Tim Ferris, The Four Hour Work Week, p. 37
As programmers, our work often deal with deep work — work that has not been clearly defined and is not easily reproducible — without knowing exactly what to expect. We do not have an exact procedure to follow. Most of them times, we have to sit down and work on potential solutions. Yet, in this modern age and time, we get easily tempted with the wealth of distraction all around us. If we do not put any artificial deadline or time box our coding session, we might find ourselves lingering around throughout the day checking news feed or playing games.
Moreover, sometimes during coding and while our application compiles, we check the latest weather news — going from our favourite news sites to the trending viral articles on Facebook. Unknowns to us, 20 minutes just evaporates into thin air. Similarly, while waiting for a feedback from our colleague, few hours vanishes as we spend time looking for cute cats and football news on the Internet.
To be really productive as researches point out, we need to have focused time on solving a singular problem. Only then can we stay on course and actually complete it. Having a clear deadline is the best way I’ve found in my experience.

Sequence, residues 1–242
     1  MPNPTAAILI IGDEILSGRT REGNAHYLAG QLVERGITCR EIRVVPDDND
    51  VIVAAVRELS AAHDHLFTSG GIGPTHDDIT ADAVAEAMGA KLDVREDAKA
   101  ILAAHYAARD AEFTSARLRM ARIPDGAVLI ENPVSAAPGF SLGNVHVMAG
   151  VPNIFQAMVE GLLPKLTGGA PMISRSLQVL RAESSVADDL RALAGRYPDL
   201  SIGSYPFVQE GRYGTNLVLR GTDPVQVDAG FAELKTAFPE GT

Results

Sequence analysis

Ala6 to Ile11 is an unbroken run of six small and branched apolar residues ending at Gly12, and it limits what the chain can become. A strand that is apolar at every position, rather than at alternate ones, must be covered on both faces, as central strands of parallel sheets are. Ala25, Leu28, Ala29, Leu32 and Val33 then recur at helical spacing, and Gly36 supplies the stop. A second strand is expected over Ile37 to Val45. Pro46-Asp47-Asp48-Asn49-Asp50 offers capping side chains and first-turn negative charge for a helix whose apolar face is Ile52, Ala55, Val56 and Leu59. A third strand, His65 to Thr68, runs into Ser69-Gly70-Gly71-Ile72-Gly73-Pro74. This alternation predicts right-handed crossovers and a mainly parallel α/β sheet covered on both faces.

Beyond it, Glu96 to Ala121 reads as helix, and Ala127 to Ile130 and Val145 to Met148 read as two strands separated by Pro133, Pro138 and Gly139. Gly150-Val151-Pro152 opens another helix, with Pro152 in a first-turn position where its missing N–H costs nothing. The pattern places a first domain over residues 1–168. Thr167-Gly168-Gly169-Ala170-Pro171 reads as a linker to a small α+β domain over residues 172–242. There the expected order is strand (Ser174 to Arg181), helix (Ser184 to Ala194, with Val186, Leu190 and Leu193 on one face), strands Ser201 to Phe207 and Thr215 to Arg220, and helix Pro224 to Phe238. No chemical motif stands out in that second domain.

Most often than not, I misses my estimates when assigning deadlines. Sometimes, I complete the work before my deadline, other times much later than I initially thought, and the remaining time, as we developers can attest, part of the task or requirements have changed by the time we are deeply rooted in such work.
Even days I feel good, focused and highly productive — without deadline, I tend to become a perfectionist. Instead of completing a good enough job, I am tempted to do the task as perfectly as possible. I do not procrastinate or waste time with distractions. I keep ploughing my work, one step at a time. But my work does not finish. I put on days of effort without any sight of the horizon. Having a time constraint, enables me to complete my assignment, even if it’s merely acceptable. In my experience, most of the tasks I do, changes one way or the other. Therefore, creating a masterpiece is a waste of my precious time and resource.